It was just unlucky that Caitlin Keen ran alone on the Fort Worth Trinity trails Sunday morning, leaving her without an ally to immediately ward off the dog who had attacked her.
After signing up seven miles earlier this morning, Keen was supposed to meet some more friends. But her friend was late, and Keen set out to collect a few more miles to fill the time. After half of the session, the dog appeared.
The dog, a pitbull mix, ran up to her, jumped up and bit her arm, said Keen Runner's World . She shook it off and ran away, but could not move fast enough. The dog pursued and clung to her back and pulled her down. With the strength left, Keen tried to kick the dog's head, but he bit his back again and pinched her.
"I finally shouted so loud that a woman ran on the trail of a big rock, and that drove him away," said Keen.
The woman threw more stones at the dog's dog and stopped chasing them until a man came in with two of his own leashed dogs, and immediately, Keen said, the pitbull mixture became calm and friendly around the other two dogs so that the man could grab the collar and subdue it.
Sequence called the man 91
According to City of Fort Worth spokeswoman Diane Covey, a homeless man owns the dog whose dog's name is Taco. The dog had no history of human offenses and was up to date on its rabies vaccine, Covey told Runner's World .
"She was traveling with her friends, the dog was taken off the leash and ran like dogs," said Covey.
Covey said Taco had just been kind and gentle with animal control staff, a characterization that frightens Keen.
"I almost thought that this dog would kill me, and that it's hard for me to be called happy and friendly," Keen said. "I do not think this is a safe animal, and if this woman does not live in a home in a safe environment … why would you continue to endanger people?"
Covey said Taco's owner was willing and cooperative with the authorities, but Keen said other residents of Fort Worth had spoken to her to say that they had already seen the woman with taco in the city, often unleashed , The city offered Runner's World no opportunity to contact the owner.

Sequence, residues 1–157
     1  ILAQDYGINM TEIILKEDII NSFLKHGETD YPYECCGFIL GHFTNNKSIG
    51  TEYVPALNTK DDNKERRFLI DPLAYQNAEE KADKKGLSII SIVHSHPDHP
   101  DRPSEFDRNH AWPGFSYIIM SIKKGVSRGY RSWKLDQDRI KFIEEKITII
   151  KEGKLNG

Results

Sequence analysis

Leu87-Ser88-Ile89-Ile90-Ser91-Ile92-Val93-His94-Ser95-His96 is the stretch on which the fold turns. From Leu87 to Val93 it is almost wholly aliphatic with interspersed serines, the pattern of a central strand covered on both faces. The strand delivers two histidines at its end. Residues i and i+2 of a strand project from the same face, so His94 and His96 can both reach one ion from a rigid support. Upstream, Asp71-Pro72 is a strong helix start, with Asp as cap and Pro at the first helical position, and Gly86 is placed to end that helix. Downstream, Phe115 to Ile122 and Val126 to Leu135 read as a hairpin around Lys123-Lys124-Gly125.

This is not the first time that Keen has received unwanted public attention. At Dallas Marathon 2017, the first of them, Keen took second place after New York psychiatrist Chandler Self (19459007), who made headlines when she stumbled across the finish line with the help of a close high school student. Keen was the runner-up, who refused to question the results, although some had criticized themselves for having received help on the course.
The two virus incidents distract attention from how good a runner Keen is. Keen came from Fort Worth and attended high school before entering track and cross country teams at Southern Methodist University in Dallas (19459006). There she helped SMU win six conference championships and received a full scholarship from her senior year. Since then, Keen, now 26 years old and full-time insurance broker, has completed three marathons: after Dallas, she won the Flying Pig Marathon of Cincinnati in May 2018 and then qualified for the 2020 2020 Olympics in Atlanta with the California International Marathon last December 2:42.
Keen is also part of Cowtown Elite, a group of women who train together – often on the same tracks where Keen grew up ("I've probably covered more miles on these routes than on my car") Aim to qualify for Atlanta. Three of these, including Keen, have already done so.
Although she admits that the attack has shaken her and she will need time to reset her, Keen has not adjusted her race goals: another victory at this year's Flying Pig in May with a score under 2:40 and a top 20 Finish in Atlanta in a year.
"This is definitely a track, but why not shoot for the moon?" Said Keen. "I have a completely different level of pain tolerance now, so maybe I'm going to surprise myself there."